Thanks, I do like that better
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Old April 24th, 2006, 06:17 PM   #28
Terry Woods
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Gee...

All of the "heros" out there seem to ignore the primary stipulation...

What part of "ANY PLC" do you not understand?

Most of you have come up with a "brand-specific" solution!
Some are "function-specific" (again, brand specific).
Some are just... "cute", however, none of them are universal.

Obviously, very few of you, if any, have been "around-the-block" enough to realize that there are more PLCs out there than your own particular favorite brand!

Some of those other PLCs are more capable, some of them are less capable.
BELIEVE IT OR NOT!!! Not all PLCs are as capable as your personal favorite!

My solution will apply to "ANY PLC"!

Yours will not.

Don't you get it???

And to you, rta53...

I didn't "hijack" your thread. "Hijacking" occurs within the thread. I simply started a new thread, of my own, that directly addressed the search-issue and the universal-solution-issue.

Do you have a problem with me helping those that don't have your particular favorite brand?

If so... too bad. This ain't the rta53 site.

Don't take it personally... except to the extent that you really need to reconsider your attitude about this issue.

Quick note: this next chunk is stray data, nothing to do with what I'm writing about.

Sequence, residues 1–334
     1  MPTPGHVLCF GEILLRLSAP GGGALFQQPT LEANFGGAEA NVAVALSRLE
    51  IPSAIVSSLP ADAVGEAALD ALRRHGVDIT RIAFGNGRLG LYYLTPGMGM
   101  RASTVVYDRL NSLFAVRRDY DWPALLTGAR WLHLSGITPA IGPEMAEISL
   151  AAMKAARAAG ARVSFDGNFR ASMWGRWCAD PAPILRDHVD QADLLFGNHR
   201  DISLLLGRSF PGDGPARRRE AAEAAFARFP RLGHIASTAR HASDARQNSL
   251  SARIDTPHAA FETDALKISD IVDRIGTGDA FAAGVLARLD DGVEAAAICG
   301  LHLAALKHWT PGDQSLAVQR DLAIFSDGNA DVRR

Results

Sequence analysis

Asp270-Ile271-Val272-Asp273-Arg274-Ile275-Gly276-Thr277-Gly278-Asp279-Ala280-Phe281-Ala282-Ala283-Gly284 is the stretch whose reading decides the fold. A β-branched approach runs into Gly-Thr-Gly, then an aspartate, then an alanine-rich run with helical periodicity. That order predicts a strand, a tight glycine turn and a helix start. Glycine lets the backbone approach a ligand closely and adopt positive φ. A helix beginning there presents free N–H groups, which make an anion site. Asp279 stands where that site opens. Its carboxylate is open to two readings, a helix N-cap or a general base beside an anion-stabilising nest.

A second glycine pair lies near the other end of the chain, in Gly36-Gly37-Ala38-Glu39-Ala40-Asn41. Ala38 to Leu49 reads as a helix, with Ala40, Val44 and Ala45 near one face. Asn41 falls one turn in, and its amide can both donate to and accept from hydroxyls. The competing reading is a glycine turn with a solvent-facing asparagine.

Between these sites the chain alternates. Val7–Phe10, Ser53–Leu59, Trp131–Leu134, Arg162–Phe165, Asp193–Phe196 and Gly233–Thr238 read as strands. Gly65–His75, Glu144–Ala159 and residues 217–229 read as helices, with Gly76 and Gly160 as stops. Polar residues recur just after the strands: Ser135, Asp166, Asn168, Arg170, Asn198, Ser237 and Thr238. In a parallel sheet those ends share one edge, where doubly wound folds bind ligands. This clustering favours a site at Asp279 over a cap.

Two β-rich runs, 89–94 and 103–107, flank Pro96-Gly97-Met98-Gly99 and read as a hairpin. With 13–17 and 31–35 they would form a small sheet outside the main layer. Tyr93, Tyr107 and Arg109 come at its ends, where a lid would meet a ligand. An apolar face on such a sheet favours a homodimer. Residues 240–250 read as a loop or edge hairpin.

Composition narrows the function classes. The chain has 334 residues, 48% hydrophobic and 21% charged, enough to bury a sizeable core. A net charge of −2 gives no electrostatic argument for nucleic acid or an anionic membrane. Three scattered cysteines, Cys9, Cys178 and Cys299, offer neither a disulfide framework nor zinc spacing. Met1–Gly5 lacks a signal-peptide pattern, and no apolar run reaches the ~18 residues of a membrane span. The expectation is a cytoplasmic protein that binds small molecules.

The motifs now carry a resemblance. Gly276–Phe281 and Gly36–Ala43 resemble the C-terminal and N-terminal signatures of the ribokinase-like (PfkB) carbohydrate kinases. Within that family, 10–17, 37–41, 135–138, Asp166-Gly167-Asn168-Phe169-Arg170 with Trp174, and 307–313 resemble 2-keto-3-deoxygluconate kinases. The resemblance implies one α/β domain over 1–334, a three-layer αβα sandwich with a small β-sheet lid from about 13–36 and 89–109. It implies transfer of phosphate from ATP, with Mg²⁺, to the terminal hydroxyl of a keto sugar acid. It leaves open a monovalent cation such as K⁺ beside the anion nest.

Damn! I hate using sharp daggers! But sometimes...
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Old April 24th, 2006, 08:17 PM   #29
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Quote:
Originally Posted by Terry Woods

My solution will apply to "ANY PLC"!

Yours will not.

Don't you get it???
Terry, FYI, we do get it.

But why bother to re-construct what some PLCs already have? That kind of negates any advancement in instruction sets.
Followed to its logical consclusion (pun intended), shall we throw out every single instruction except AND, OR, NOT, and XOR?
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Old April 24th, 2006, 08:54 PM   #30
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What about not using SET / RESET or OS instructions?

Again though, most PLC's have these instructions built in.

The XOR method could be quite useful also, especially if the HMI does not have the toggle or alternate function